Sunday, March 28, 2010

Badgersett hazel genetics- and the U of Nebraska-

It has come to our attention that at the recent hazel convention in La Crosse, a paper was presented stating that the "Arbor Day Lodge" hybrid hazel planting (100% of which is from Badgersett, though papers from the U of N routinely do not state that) - has only around 0.5% of the bushes that might have commercial potential.

Our response would be- "well, duh."

That's exactly what we would expect from those hazels.

But then- we know what that planting contains, genetically - in detail.

And neither the Arbor Day Foundation, nor the University of Nebraska does. They actually have no idea whatsoever, what those hazels ARE, genetically.


They never asked. How many of their researchers have ever visited Badgersett to investigate the source?


Yes, we do see that as a problem.

In fact, we DID tell the Arbor Day Foundation what kind of hazels we were planting there. Not in detail, because they didn't have anyone on board who was assigned to keep track of such information, at the time. We always assumed that anyone interested in those hazels - would ASK - and we'd be happy to tell them.

But- Arbor Day forgot- and the U of N- has never- ever- bothered to ask.

Basically- if I were going to spend a lot of time studying anything- I'd darn sure want to learn as much about the origins of what I was studying. Wouldn't you?

Tuesday, March 23, 2010

we've been quiet-

Whenever we have a rather long quiet period here- where we don't make new blog posts, don't get phone calls answered, and don't get emails answered- it's 10 to 1 that the reason is someone's health.

In this case, it's Meg's. She's on crutches, and confined to the house; has been for over a week now. 3 trips to the doctor so far; more to come, mostly in Rochester (50 miles).

She's had a number of foot injuries in the past; it seems they're all ganging up on her now. About 10 days ago, the pain in her heel became really unbearable. She'd been ignoring it for a month or so. Called the nurse help line- the nurse said "90%- you've got a broken foot. Get in to urgent care, now."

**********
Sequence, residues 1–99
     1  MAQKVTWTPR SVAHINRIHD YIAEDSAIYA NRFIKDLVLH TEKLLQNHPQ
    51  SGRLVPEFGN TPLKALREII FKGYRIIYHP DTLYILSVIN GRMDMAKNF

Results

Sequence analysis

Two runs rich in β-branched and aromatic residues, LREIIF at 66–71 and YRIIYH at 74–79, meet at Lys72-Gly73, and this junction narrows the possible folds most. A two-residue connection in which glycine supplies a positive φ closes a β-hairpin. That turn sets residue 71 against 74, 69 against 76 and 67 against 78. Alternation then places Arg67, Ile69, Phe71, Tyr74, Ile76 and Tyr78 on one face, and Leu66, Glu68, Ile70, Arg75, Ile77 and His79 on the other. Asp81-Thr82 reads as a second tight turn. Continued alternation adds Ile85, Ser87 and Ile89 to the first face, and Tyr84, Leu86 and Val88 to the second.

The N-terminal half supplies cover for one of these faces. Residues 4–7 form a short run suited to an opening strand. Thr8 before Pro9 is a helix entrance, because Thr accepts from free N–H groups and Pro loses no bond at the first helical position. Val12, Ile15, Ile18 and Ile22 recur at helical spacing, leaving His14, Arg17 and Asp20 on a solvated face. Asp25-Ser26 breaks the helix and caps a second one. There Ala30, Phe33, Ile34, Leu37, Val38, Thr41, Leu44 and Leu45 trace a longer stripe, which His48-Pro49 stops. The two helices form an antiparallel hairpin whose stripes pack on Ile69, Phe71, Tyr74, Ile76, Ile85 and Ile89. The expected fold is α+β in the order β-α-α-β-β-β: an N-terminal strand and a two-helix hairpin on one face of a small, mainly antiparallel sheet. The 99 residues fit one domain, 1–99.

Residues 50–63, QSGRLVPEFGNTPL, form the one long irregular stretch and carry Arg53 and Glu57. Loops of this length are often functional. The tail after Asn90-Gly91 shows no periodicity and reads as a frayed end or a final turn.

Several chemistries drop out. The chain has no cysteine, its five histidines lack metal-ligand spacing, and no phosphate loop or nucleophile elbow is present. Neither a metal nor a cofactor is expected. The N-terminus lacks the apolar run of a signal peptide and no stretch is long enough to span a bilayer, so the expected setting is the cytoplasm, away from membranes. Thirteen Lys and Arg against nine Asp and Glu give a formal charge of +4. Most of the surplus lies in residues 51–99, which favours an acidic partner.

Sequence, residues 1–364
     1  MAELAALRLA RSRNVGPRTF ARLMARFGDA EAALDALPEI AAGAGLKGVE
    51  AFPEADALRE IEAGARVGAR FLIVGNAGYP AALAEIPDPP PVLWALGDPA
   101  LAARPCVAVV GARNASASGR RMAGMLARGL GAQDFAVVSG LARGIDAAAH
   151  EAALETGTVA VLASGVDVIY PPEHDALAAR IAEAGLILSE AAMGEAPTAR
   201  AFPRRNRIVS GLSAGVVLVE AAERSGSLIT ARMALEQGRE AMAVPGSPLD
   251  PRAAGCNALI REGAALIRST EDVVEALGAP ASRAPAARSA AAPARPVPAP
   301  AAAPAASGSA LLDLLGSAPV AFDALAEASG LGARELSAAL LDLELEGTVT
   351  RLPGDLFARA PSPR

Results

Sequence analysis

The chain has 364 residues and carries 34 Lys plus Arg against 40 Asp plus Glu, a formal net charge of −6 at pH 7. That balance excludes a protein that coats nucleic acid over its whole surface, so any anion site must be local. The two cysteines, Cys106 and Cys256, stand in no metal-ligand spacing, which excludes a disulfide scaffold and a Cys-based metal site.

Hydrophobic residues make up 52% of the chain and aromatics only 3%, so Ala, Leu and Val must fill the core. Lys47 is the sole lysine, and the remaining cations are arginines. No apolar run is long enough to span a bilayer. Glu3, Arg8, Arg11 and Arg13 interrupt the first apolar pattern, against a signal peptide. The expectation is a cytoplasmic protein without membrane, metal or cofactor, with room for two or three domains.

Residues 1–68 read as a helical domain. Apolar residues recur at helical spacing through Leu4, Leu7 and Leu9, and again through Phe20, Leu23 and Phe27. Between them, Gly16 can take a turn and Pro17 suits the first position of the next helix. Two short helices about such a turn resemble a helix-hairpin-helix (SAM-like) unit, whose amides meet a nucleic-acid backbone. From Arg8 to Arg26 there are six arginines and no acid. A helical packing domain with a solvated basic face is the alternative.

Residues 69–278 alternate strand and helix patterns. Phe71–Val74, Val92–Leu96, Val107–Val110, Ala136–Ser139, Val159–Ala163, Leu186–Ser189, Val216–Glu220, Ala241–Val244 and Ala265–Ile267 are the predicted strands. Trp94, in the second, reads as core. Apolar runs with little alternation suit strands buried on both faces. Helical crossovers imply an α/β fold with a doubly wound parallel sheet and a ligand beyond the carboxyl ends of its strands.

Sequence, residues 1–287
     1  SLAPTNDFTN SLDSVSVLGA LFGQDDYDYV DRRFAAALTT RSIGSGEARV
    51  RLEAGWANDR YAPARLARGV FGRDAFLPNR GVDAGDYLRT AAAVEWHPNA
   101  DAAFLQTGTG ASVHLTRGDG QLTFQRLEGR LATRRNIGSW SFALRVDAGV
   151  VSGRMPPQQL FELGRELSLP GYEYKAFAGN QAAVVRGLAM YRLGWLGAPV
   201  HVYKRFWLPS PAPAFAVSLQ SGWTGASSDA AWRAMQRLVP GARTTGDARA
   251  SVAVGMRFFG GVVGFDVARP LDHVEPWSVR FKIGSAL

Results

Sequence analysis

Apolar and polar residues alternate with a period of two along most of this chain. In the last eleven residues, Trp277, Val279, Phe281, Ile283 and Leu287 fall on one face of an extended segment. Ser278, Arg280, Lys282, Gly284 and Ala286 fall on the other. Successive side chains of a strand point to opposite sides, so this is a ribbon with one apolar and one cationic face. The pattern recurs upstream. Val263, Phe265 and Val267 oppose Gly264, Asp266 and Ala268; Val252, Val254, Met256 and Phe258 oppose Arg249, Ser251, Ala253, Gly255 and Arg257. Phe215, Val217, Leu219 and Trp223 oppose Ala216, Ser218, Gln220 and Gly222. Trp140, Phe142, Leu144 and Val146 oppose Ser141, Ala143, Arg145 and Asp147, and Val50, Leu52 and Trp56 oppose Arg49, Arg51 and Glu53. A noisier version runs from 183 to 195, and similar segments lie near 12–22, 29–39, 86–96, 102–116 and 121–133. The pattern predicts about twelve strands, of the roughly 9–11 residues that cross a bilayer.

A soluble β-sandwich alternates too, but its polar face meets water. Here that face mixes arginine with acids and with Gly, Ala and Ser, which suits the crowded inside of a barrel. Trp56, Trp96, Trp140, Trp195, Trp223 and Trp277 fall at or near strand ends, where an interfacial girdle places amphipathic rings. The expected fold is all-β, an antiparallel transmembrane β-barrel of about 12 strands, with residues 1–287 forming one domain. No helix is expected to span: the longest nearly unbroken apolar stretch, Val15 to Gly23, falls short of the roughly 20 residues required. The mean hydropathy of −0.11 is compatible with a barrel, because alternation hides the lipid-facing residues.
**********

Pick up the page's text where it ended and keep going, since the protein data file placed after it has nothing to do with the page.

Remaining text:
X rays and scans later- she has torn fascia and ligaments- and a bone spur growing into it all. Surgery, most likely, but the doctors have to try everything else, first (insurance).

Thank goodness I've got Brandon here to help pick up the load; but it still means we're a lot more tired at the end of the day.

And- we may be entering a drought. Too much beautiful sunny weather; no real rain in sight. Which means "rainy-day" chores, like writing, get put off.

More before long.

Sunday, March 14, 2010

spare 2 minutes...

I've got about 2 minutes "spare" here, and ran into these photos; which I thought I'd stick up here. (Click for bigger versions- recommended)

This is what our "to eat" hazels look like these days; this is actually what we ship. The upper photo is of a loaded sorting tray, just as it is when we're doing the final sort, removing any weeviled or spoiled nuts we can find.

There's been a substantial change in the overall size and quality; as we include more of the 3rd cycle plants- which are now producing, but not tested enough to use for seed. A lot of them have outstanding nuts.

As you know, if you're harvesting your own, the smaller ones frequently have extremely thin shells; paper thin- or thinner. We do discard heavy shelled bushes in the breeding process.